I don’t talk about my job on here a lot – I may have only mentioned it once a while back but about a year and a half ago I quit my job at a medical software company and I bought a shoe repair business. The previous owner taught me how to repair shoes but up until this point I have just been repairing and never made my own shoes. I’ve wanted to make shoes for a long time but I’ve been working a lot and I haven’t necessarily wanted to spend more time at work. The other thing that has been holding me back is that while I have 90% of what I would need to make shoes I don’t have any shoe lasts. Lasts are shaped like feet and the leather upper is stretched around the last to help form the leather to the shape of the foot/last. The good news is that you don’t NEED shoe lasts in order to make sandals (although I do think it would have made the process slightly easier). I also just don’t know how to make shoes and I was putting off making them because I felt unqualified. I spent a lot of time on instagram looking at how other people were making shoes and I finally decided that the only way I was going to learn was to just start doing it. This pair of sandals is not perfect but I learned a lot while making them and that is kinda the point.
This is by no means going to be a “how to make sandals” instructional post. This is my first pair of sandals and I didn’t stop to document everything I did and unfortunately I didn’t take any pictures during the process. Also because of my job I have access to a lot of materials and machinery that most people do not have access to so what I did probably won’t help anyone trying to make a pair of sandals at home. To make these shoes I took a foam insole (mens size 11) and I traced around my foot. I then traced the insoles on to some insole board and glued the insole board to the insole. I took that over to my sander and smoothed out the edges and tried to get the right and left insole/board to be as close to each other as possible. I then traced the insoles on to some pigskin leather with about an inch of extra all the way around. I glued the leather to the insole. The bottom of the insole had a lot of extra leather. Once the glue dried I sanded the excess leather off to make the bottom flat. I’ll now refer to this as the “footbed.”
The next thing I did was to make my pattern. I cut some shapes out of construction paper and wrapped them around my foot to check them out. I used two long rectangles for the front straps and for the ankle strap I started with another straight line with two lines coming out perpendicular to the first strap. I then basically was using the tissue fitting method with the construction paper to figure out where I needed to take the strap in and contour it in some places.
I then cut my pattern pieces out of leather. I taped the straps in place and used a grease pencil to mark the location of the straps. I then adjusted the straps as needed until they felt comfortable. This was the most frustrating part because the tape I was using wasn’t very sticky. I was using painters tape from the hardware store to minimize any damage to the leather but basically any time I adjusted a strap I had to start with a new piece of tape because otherwise the tape just kept coming up.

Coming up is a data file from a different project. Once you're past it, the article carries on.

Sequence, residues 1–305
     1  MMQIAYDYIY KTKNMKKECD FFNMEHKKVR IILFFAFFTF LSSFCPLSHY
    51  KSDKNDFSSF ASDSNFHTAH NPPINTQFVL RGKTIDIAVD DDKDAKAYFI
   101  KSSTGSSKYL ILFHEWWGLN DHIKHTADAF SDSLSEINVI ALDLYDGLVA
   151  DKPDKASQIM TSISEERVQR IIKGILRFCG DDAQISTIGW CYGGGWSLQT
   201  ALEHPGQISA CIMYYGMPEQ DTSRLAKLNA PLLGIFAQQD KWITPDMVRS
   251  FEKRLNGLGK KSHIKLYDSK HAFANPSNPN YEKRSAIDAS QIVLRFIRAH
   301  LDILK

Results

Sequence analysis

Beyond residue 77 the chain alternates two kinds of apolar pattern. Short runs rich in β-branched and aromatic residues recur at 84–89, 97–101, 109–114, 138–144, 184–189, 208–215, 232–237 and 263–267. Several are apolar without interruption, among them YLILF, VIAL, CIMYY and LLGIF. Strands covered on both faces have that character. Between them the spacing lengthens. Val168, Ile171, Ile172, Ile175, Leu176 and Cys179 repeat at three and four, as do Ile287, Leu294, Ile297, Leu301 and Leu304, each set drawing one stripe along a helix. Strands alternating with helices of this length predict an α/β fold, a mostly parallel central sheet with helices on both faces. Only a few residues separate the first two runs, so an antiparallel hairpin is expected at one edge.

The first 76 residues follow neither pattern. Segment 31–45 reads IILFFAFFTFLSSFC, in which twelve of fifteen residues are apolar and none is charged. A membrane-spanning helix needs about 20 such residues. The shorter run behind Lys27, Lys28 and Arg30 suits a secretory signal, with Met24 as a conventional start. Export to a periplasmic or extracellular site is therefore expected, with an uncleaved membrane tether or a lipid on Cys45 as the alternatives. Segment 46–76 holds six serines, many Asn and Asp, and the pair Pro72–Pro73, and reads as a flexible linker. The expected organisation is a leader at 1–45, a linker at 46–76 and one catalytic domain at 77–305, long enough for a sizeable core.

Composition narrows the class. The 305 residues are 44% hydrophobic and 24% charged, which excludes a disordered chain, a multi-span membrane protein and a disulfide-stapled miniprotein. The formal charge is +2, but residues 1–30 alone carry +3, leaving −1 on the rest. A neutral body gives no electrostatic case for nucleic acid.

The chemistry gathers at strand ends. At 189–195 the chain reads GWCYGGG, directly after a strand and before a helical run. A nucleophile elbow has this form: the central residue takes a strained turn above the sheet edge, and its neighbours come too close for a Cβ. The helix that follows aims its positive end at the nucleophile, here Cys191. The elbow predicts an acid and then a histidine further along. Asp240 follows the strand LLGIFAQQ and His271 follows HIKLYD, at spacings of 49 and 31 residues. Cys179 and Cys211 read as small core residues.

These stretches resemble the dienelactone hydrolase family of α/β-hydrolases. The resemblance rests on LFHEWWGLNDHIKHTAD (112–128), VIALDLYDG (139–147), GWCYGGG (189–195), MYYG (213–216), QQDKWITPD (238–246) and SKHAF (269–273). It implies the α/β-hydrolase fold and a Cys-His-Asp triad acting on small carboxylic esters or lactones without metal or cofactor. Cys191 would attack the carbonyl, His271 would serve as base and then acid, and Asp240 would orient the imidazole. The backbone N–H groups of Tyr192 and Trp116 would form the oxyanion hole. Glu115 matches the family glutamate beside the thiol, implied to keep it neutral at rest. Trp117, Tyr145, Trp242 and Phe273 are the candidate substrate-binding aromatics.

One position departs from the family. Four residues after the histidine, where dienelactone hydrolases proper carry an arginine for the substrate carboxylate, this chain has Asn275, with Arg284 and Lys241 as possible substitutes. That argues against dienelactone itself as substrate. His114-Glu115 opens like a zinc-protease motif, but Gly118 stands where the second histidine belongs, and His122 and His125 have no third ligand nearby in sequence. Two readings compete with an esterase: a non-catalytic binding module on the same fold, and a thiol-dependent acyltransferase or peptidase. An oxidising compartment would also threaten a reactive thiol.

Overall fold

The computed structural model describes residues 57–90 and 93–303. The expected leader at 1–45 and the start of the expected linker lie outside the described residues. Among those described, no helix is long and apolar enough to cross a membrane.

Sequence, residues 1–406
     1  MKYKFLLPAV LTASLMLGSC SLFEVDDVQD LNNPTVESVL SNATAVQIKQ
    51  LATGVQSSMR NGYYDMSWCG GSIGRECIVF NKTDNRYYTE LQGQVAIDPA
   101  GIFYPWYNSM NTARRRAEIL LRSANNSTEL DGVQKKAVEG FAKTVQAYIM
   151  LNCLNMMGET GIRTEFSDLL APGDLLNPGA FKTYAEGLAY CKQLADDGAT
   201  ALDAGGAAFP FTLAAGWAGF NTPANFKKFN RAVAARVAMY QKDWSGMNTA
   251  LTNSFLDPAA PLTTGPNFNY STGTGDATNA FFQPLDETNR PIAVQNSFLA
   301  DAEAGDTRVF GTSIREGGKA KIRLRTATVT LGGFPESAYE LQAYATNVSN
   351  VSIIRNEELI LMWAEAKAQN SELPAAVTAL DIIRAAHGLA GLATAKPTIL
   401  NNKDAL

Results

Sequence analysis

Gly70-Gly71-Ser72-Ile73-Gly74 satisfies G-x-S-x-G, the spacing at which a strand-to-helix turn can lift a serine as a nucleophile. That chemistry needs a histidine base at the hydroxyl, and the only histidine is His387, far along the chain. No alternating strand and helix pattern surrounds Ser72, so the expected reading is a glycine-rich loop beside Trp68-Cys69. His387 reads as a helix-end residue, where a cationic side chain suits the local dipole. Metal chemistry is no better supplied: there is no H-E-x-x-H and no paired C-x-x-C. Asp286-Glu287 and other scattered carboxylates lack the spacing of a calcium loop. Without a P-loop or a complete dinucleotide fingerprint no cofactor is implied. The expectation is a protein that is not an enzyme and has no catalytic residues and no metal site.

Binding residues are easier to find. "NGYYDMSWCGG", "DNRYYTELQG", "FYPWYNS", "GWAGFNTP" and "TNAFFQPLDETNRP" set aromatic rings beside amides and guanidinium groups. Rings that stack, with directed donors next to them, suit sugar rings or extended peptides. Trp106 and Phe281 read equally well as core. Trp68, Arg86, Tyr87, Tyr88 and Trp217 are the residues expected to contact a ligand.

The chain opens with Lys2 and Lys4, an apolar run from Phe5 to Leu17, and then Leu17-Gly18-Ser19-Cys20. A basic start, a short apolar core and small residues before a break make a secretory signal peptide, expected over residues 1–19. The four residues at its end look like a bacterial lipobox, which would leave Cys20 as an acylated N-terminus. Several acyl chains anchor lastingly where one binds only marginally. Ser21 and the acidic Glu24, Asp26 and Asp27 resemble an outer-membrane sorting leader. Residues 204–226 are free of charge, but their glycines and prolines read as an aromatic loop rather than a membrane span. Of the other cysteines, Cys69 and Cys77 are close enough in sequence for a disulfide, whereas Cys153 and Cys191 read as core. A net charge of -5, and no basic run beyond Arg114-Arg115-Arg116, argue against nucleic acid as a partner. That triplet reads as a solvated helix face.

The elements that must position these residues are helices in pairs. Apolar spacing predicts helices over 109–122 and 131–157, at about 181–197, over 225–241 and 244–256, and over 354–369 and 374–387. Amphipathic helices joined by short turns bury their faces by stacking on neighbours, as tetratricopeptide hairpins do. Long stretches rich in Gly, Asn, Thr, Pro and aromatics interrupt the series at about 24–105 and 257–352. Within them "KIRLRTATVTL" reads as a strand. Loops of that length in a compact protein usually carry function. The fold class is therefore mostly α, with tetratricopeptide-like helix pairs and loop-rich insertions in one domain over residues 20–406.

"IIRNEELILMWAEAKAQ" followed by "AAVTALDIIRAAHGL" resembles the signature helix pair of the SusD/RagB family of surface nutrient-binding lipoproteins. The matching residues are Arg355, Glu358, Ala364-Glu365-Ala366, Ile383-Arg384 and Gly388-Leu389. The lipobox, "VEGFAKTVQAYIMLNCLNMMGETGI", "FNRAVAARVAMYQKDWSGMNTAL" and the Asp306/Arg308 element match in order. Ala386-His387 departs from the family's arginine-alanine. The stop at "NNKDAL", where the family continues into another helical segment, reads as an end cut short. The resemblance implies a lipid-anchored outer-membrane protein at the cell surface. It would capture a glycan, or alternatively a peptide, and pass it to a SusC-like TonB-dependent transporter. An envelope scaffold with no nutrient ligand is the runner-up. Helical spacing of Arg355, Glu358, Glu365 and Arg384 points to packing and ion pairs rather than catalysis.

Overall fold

Once I had the straps where I wanted them I went ahead and glued them in place. Once the glue was dry I went back over to my belt sander and I sanded the edges of the straps on the bottom of the footbed to taper them slightly. This is to help with the gluing process so that there aren’t little gaps where the sole can’t attach to the footbed.
I then picked out some buckles and sewed them on with a sewing machine at my work. I wasn’t able to put the sewing foot down but I basically did a zig zag stitch with no length across the bar in four different spots on each buckle to hold it in place. I punched some holes on the other side of the strap.
Then I was ready for soles! I wanted to use this sole material because it is very durable and I wanted my sandals to hold up over time. However, next time I think I’ll use a material that is softer for more comfort than durability. Once I glued the soles on they went back over to the sander where the soles got sanded down to match the footbeds, more or less. I then gave them a quick polish and they were done!
These are pretty good but next time I’ll do some things differently.
- I already mentioned that next time I will use a different sole material to make them more comfortable.
- I also made the straps a little too loose. The leather is pretty soft so the straps are definitely going to stretch out over time and become even looser (at which point I can shorten them). They already feel like they slide around a little while I’m wearing them and this is only going to get worse. the ankle strap is also a little saggy.
- I might add a lining stitched to the outer next time. This will help the leather hold up better over time and also the nylon thread will help the leather to keep its shape and not stretch out as much over time.
- I would make the leather that is behind the buckle a little bigger to fully cover the buckle. Because the strap is the same thickness the whole way across the buckle is slightly bigger than the strap behind it.
- I might do something to burnish/seal the edges of the leather next time. I just left them raw this time but I think they’d look a little more polished/less homemade if the edges of the leather were finished.
Despite all of those notes about what I’d do differently I am really happy with these. They are definitely wearable! They are comfortable and I think they came out pretty cute!